Finance Company - The Federal Reserve defines finance companies as any firm whose primary assets are loans to individuals and businesses.
Finance Companies vs. Banks and Thrifts
Some finance company loans are similar to commercial bank loans (i.e. commercial and auto loans), but others are aimed at relatively specialized areas such as high risk (low credit quality) loans to business and consumers.
Unlike banks and thrifts, finance companies do not and cannot accept deposits. Instead, they rely on short and long-term debt for funding.
The first major finance company was originated during the Depression when GE created GE Capital Corp (GECC) to finance appliance sales to cash strapped customers unable to obtain installment credit (a loan that is paid back to the lender with periodic payments consisting of varying amounts of interest and principal).
By the late 1950s, banks had become more willing to make installment loans, so finance companies began looking outside their parent companies for business (GECC now offers leases on rail cars, planes, leveraged buyout financing, mortgage servicing and other loans to its customers.)
The industry is very concentrated (the 20 largest firms control 80% of the assets). In addition, many of the largest finance companies such as GMAC tend to be wholly owned or captive finance companies - a finance company wholly owned by a parent company (usually, they serve to provide financing for the purchase of the parent company’s products).
Between 1975-1999, the industry experienced over 1200% growth, making it one of the fastest growing industries in the financial services sector.
Sales Finance Institutions - specializes in making loans to customers of a specific retailer to manufacturer (e.g. Ford Motor Credit, Sears Roebuck Acceptance Corp.).
Personal Credit Institutions - specializes in making installment and other loans to consumers (e.g. Capital One, Household Finance Corp., MBNA, etc.).
Business Credit Institutions - provide financing to corporations, especially through equipment leasing and factoring - the process of purchasing A/R from corporations (often at a discount), usually with no recourse to the seller should the receivables go bad.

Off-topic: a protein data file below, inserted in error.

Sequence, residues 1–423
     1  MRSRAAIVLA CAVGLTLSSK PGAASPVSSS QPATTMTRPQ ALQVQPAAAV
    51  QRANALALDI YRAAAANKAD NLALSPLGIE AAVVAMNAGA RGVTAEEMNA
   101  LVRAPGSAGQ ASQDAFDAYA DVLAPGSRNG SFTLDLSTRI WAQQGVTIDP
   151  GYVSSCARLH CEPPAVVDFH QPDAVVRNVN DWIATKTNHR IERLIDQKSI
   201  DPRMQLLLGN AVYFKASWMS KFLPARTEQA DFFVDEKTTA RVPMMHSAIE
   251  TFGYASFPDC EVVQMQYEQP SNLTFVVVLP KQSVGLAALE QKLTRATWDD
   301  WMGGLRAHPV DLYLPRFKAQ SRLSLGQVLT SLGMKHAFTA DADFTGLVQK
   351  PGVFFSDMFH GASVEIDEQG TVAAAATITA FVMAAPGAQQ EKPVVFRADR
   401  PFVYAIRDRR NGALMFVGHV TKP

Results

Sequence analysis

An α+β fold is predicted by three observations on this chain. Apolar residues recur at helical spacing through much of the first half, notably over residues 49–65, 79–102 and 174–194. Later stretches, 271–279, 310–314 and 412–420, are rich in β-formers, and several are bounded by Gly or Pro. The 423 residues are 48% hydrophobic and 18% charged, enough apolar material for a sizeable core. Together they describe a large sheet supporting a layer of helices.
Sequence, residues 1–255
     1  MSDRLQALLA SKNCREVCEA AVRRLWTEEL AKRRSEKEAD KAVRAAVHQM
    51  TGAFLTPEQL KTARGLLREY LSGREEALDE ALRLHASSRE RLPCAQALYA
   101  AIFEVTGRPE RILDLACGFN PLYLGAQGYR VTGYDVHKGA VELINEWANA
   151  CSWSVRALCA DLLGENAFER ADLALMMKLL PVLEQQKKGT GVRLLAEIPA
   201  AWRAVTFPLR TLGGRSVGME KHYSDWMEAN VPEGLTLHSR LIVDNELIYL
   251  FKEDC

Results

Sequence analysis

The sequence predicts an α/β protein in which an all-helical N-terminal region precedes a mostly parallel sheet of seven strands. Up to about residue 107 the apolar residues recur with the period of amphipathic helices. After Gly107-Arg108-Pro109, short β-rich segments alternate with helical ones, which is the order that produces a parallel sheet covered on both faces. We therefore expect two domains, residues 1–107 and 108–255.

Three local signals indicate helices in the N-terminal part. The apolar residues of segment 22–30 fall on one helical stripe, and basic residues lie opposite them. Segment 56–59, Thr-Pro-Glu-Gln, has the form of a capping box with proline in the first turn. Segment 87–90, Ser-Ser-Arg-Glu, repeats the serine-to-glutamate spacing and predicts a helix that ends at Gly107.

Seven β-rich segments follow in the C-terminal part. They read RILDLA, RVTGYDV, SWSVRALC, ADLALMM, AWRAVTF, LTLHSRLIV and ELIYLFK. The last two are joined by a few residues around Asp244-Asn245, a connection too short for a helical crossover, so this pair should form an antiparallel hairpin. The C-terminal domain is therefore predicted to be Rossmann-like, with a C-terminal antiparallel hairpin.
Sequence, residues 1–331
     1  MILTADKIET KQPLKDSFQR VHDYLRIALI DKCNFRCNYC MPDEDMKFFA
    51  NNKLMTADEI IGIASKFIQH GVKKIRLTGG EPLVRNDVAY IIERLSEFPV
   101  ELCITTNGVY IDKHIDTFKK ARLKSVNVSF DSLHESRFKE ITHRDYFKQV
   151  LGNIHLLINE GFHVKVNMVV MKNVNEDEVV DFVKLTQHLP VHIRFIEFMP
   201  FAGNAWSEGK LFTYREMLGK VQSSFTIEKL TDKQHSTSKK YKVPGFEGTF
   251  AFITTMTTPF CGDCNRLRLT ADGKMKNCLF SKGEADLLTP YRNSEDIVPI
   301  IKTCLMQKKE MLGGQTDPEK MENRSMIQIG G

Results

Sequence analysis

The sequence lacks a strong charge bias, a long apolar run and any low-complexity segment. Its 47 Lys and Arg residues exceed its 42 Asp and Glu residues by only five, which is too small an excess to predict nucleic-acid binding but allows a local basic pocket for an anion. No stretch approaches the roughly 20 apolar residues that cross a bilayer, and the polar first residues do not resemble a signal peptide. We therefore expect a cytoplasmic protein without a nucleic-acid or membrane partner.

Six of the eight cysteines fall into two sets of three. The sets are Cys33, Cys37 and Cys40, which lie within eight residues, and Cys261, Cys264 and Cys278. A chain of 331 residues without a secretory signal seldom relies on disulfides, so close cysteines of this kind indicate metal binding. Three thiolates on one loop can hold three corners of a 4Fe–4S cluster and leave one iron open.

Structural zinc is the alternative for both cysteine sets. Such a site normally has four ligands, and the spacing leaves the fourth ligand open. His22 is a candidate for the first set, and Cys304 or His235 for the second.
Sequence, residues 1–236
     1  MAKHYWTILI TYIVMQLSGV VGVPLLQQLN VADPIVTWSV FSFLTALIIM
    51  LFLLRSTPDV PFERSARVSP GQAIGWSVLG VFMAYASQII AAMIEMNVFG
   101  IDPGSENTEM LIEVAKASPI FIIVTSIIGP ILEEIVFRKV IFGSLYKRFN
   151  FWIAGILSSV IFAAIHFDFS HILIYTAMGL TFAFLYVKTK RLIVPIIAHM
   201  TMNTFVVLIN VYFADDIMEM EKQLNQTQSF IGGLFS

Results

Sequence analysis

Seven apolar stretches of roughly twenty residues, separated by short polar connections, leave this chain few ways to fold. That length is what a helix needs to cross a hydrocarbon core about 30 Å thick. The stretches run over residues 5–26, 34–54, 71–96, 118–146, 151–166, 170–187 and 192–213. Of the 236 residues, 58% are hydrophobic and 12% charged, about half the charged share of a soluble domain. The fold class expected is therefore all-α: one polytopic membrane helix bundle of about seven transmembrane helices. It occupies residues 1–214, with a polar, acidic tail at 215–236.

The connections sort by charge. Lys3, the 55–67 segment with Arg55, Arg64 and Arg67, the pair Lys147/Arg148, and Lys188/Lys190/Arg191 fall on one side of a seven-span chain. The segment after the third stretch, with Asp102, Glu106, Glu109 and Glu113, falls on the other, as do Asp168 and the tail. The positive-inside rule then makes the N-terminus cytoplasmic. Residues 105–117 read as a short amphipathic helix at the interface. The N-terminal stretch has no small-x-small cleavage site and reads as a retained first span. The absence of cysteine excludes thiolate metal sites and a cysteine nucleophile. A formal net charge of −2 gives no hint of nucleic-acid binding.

Finance Companies - Loans (Receivables) Outstanding Source : Federal Reserve Bulletin - Survey of Finance Companies, 1996
Finance companies are often willing to issue mortgages to riskier borrowers than commercial banks.
Mortgages include all loans secured by liens on any type of real estate either by direct lending or as a result of securitizing mortgage assets - purchasing mortgages and using them as assets backing secondary market securities.
Mortgages can be first mortgages or second mortgages (home equity loans). Secondary mortgages are increasingly attractive due to lower bad debt expense and lower administrative costs.
Consumer loans include motor vehicle loans and leases and other consumer loans (i.e. credit cards, furniture financing, appliance financing, cash loans, etc.).
Finance companies generally charge higher rates of interest on consumer loans due to riskier customer they lend to. High risk customers are often referred to as “sub-prime” .
Loan sharks - sub-prime lenders that charge unfairly exorbitant rates to desperate borrowers. The “sharks” may also use lower rates but charge high fees. The fees may be “disguised”. Other tricks include lower rates but excess collateral.
Wholesale loans - loan/lease agreements between parties other than the company’s consumers (i.e. GMAC provides financing for GM dealers for inventory floor plans, until the car is sold, the dealer only pays for the cost of the financing and not the cost of the car).